Titanic memorials come to an end
Cobh brought to an end a momentous and sobering week of commemoration yesterday for the 100th anniversary of the sinking of the Titanic.
Following on from a national tribute on Wednesday, attended by President Michael D. Higgins, a series of events were held up until Sunday to mark the tragedy.
A wreath laying ceremony was held on board the Irish Navy ship, the LE Eithne, with 1,517 white roses placed into the ocean from the Cork port.
The Irish Titanic Historical Society also organised a special ecumenical service in St Coleman's Cathedral as Cobh brought the Titanic 100 events to a close.
A major part of the commemorations was a three-day concert establishing the music and story of the Irish onboard the fateful voyage.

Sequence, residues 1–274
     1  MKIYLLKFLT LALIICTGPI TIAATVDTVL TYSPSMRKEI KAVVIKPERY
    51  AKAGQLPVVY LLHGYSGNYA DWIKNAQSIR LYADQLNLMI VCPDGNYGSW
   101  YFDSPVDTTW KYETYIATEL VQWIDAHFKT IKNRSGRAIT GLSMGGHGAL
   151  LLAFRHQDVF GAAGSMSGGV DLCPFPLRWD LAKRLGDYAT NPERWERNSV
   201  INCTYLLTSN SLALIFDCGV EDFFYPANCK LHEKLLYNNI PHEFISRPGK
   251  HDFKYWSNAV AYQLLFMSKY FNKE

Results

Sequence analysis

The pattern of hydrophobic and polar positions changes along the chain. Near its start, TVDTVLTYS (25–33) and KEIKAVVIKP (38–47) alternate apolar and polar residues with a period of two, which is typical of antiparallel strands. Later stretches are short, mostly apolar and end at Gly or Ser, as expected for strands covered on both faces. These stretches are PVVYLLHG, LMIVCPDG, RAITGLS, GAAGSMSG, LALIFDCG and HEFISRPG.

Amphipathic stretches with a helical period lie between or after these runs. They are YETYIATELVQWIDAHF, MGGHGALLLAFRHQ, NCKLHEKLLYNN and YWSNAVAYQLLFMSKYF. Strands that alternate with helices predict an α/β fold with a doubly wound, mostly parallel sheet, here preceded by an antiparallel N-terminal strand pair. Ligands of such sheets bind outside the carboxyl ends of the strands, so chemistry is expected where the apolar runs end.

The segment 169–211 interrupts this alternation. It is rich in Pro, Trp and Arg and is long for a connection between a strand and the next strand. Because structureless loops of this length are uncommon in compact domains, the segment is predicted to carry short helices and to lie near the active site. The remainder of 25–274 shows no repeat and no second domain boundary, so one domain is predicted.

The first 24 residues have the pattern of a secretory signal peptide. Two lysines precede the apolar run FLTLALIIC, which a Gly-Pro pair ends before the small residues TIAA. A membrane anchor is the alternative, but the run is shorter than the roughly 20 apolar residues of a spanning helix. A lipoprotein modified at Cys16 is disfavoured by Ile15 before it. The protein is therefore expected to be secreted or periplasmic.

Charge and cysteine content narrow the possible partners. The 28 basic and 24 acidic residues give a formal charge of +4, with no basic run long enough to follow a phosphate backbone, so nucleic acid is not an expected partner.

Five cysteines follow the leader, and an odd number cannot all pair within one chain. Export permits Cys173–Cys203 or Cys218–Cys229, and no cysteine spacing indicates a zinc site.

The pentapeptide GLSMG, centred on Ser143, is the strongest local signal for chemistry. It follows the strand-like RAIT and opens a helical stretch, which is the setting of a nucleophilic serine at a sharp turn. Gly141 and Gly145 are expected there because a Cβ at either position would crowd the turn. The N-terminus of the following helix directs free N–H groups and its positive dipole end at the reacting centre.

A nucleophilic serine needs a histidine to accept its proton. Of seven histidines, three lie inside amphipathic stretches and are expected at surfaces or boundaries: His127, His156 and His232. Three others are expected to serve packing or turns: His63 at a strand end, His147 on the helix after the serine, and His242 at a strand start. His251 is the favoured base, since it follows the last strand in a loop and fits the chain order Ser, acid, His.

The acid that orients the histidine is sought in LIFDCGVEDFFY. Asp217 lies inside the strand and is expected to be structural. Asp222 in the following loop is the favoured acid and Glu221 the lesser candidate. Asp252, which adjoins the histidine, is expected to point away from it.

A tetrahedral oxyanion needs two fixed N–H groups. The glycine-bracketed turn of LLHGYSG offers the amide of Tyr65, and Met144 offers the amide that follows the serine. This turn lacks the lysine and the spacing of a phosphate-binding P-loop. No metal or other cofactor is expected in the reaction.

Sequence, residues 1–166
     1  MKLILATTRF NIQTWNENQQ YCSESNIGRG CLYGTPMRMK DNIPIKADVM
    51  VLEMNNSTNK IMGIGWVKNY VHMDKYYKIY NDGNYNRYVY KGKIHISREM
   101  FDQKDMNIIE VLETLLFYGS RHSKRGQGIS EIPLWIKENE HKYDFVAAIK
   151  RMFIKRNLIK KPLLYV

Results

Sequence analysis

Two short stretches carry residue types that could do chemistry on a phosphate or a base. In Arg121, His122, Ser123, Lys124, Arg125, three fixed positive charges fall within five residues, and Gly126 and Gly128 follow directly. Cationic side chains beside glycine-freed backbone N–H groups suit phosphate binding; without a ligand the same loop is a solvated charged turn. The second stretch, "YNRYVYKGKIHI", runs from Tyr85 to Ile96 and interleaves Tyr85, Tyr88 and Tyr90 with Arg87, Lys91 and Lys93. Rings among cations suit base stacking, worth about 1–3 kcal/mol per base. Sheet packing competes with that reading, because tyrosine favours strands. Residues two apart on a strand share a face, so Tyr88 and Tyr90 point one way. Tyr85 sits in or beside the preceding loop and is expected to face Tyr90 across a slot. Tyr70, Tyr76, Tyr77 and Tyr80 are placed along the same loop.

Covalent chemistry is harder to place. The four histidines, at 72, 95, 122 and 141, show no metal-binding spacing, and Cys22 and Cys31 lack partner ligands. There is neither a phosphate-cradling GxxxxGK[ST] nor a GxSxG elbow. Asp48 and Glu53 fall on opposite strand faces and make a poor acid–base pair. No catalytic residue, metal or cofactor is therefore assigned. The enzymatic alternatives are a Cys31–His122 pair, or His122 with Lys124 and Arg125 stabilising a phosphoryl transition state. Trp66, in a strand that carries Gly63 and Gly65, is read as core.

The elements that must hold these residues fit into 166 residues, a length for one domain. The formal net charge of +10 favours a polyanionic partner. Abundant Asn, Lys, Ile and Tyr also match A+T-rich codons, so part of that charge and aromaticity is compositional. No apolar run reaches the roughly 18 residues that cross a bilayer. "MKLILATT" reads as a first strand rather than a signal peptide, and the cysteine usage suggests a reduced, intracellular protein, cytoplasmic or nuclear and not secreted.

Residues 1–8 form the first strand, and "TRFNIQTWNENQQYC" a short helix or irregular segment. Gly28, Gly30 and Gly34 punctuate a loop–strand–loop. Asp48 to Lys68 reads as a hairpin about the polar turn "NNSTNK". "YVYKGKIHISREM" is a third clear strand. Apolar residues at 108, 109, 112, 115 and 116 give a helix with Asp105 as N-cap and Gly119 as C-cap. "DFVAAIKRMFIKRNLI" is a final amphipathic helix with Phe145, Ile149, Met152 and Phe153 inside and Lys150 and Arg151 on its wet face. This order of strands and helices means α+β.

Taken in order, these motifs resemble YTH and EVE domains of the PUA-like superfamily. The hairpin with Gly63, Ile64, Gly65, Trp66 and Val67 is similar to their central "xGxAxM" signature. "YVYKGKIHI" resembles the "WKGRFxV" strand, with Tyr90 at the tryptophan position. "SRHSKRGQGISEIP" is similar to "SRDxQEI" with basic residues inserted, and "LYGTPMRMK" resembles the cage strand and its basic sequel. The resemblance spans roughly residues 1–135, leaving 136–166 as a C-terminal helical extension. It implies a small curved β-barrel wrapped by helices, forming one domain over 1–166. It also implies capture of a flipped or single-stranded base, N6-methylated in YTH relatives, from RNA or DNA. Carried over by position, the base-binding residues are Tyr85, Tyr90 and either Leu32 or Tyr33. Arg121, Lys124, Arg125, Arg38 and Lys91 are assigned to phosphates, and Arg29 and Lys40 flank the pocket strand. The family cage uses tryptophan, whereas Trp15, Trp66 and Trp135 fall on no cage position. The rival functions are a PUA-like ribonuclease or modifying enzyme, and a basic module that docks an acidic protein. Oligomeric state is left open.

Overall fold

'An Irish Connection', which featured singers such as Cara O’Sullivan, Caitriona Fallon and Cathy Jordan was both a sobering and uplifting musical accompaniment to the memory of 1,500 who lost their lives.
The concert, situated next to the original pier that 123 people boarded in 1912, provided audience members with a chilling experience of the story of the Titanic.
Songs included 'Heartbreak Pier' (written about the pier in Cobh) and classical orchestral music provided by an Irish orchestra.
As night descended and the finale approached, members of the Cobh Children's Choir also joined the musicians and signers on stage in a musical tour de force that beautifully captured the essence of the commemorative events.
The former Treaty Port of Queenstown was the final port of call for the Belfast-built cruise liner as it headed for America, never to arrive.